Patient-specific cutting block technique (patient-specific TKA) has been the latest development in TKA. This technique uses magnetic resonance imaging (MRI) of the patient’s symptomatic knee to create bone models and cutting jigs. This MRI image is used to create three-dimensional models and cutting blocks of the distal femur and proximal tibia. These models are then used with standard TKA operating systems to undertake TKA surgery [4].

The manufacturers and proponents of patient-specific TKA claim that this new technology is able to reproduce exact measurements, possibly has a shorter operating time and is easier to use with shorter learning curve as compared to other types of joint arthroplasty technologies, especially in comparison to navigation. In addition, patient-specific TKA is believed to be more reproducible and cost-effective.

Currently, there are no studies or data available on the accuracy of patient-specific cutting blocks. It would be important to know if the bone resected by the patient-specific blocks actually matches the preoperative sizing. This study was designed to evaluate the intraoperative accuracy of the patient-specific cutting block as compared to the preoperative template.

2. Methods

This prospective study was conducted at the Queen Elizabeth Hospital, Adelaide Australia. Patients admitted to the Arthroplasty unit over a period of nine months were included in the study. The inclusion criteria were patients with primary osteoarthritis of knee who were to found suitable to undergo patient-specific TKA. Patients with rheumatoid or secondary osteoarthritis, major deformity or those that needed additional procedures were excluded from the study. All patients had been informed about the study during the preoperative consultation. Ethical approval for the study was not needed as no new intervention or new treatment was initiated or considered.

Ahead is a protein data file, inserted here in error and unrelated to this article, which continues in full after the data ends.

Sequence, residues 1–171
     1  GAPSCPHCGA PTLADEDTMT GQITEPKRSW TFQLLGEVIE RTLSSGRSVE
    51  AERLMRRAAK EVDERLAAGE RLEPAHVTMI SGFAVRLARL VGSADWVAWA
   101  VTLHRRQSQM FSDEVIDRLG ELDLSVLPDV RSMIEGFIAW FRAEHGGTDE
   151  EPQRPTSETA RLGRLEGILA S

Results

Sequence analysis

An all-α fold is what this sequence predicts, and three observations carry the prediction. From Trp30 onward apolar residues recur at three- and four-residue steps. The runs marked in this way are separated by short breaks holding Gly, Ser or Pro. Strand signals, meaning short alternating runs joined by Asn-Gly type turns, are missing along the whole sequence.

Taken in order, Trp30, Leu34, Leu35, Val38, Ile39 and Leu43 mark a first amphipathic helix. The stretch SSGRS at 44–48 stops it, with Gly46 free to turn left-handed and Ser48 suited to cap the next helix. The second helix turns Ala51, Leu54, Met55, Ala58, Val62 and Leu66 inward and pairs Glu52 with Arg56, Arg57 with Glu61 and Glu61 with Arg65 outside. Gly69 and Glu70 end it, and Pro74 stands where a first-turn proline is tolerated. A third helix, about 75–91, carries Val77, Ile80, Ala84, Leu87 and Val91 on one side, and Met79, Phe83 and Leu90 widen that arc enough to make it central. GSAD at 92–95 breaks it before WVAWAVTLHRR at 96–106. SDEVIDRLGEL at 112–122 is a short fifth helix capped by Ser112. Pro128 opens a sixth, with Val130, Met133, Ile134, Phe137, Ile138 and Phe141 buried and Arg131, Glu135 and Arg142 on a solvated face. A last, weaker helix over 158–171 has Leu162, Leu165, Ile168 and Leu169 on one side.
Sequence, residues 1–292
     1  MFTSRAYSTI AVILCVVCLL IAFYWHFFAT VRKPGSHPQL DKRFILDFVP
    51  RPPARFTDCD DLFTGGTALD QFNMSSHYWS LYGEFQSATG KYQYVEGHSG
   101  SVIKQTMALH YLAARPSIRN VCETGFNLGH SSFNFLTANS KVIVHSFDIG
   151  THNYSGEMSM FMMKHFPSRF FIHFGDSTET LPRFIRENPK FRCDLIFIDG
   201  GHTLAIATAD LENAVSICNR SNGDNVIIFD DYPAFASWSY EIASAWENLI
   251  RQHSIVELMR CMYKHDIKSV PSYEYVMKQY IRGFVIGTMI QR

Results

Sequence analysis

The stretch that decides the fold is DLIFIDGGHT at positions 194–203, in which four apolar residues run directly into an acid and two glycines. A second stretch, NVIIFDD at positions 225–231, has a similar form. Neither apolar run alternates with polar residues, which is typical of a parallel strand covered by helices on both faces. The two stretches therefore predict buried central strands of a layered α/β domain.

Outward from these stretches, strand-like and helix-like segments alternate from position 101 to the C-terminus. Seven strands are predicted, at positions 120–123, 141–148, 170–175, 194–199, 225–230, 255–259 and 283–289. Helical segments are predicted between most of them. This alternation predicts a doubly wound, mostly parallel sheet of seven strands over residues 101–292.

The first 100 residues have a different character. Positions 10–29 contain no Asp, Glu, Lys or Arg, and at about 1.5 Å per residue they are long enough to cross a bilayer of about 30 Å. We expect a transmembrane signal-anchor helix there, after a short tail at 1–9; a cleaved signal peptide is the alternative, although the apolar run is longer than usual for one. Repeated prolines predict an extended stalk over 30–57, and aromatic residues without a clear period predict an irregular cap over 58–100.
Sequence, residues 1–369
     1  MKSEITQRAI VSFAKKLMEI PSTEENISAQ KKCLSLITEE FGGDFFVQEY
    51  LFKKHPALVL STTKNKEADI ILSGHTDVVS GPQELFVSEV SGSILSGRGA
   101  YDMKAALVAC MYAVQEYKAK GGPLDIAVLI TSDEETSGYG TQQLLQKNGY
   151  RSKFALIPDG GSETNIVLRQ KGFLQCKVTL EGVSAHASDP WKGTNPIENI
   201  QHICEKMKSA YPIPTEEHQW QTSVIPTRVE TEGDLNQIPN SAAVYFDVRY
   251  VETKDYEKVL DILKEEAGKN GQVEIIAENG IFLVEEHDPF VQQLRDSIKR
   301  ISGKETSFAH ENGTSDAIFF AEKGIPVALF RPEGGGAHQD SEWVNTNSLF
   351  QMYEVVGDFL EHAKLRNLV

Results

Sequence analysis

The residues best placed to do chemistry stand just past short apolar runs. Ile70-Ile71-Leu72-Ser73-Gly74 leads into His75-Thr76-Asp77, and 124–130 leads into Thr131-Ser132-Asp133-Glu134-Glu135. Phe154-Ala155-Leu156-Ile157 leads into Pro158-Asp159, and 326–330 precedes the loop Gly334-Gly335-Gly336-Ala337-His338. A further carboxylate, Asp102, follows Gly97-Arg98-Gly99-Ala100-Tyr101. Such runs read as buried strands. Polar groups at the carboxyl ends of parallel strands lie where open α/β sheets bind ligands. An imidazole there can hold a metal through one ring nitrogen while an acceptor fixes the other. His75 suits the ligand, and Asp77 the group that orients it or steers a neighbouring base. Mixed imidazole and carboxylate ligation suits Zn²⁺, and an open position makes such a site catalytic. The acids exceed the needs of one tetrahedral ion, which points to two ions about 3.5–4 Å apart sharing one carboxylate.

Once patients had been listed for patient-specific TKA they underwent an MRI and long leg weight bearing radiographs. The radiological information was utilised to create virtual model of the patient’s knee, and a preoperative plan with approximate sizing and bone cuts was designed. Once verified by the operating surgeon, actual models and cutting blocks of patient’s articulating surfaces were created using prototyping technology (Figure 1).

509750.fig.001
Figure 1: Cutting block positioned over distal femur.

Surgery was performed by five orthopaedic specialists and two orthopaedic fellows. All TKAs were performed using a medial parapatellar approach. Visionaire (Smith and Nephew, Genesis 2 Knee Arthroplasty) patient-specific TKA was used in all patients. The cutting block fitted exactly on the articulating surface (Figures 1 and 2). Once the cuts were made, the resected bone was collected by the scrub nurse and handed to an independent research officer, who was responsible for measuring the resected articular surfaces and comparing it to the cutting block. The surgical team was blinded to the measurements and the calculations of the errors. Postoperative clinical and radiological assessments were undertaken by the orthopaedic team.

509750.fig.002
Figure 2: Cutting block positioned over proximal tibia.

A micrometer was used to record the cuts. Before each reading was taken, the micrometer was calibrated to zero. The same standard 0.5 micrometer (which could record increments of 0.5 millimetres) was used throughout the study. Three readings for each of the measurements were taken, and an average value was recorded.

Seven different measurements from each patient were recorded. Four different measurements from the femur and three from the tibia were recorded. On the femoral side: distal medial condylar resection (DMC), distal lateral condylar resection (DLC), posterior medial condylar resection (PMC), and posterior lateral condylar resection (PLC) were considered. While on the tibial side: proximal lateral plateau resection (PLP), proximal medial plateau resection (PMP) and resection to the tibial eminence (RE) were noted.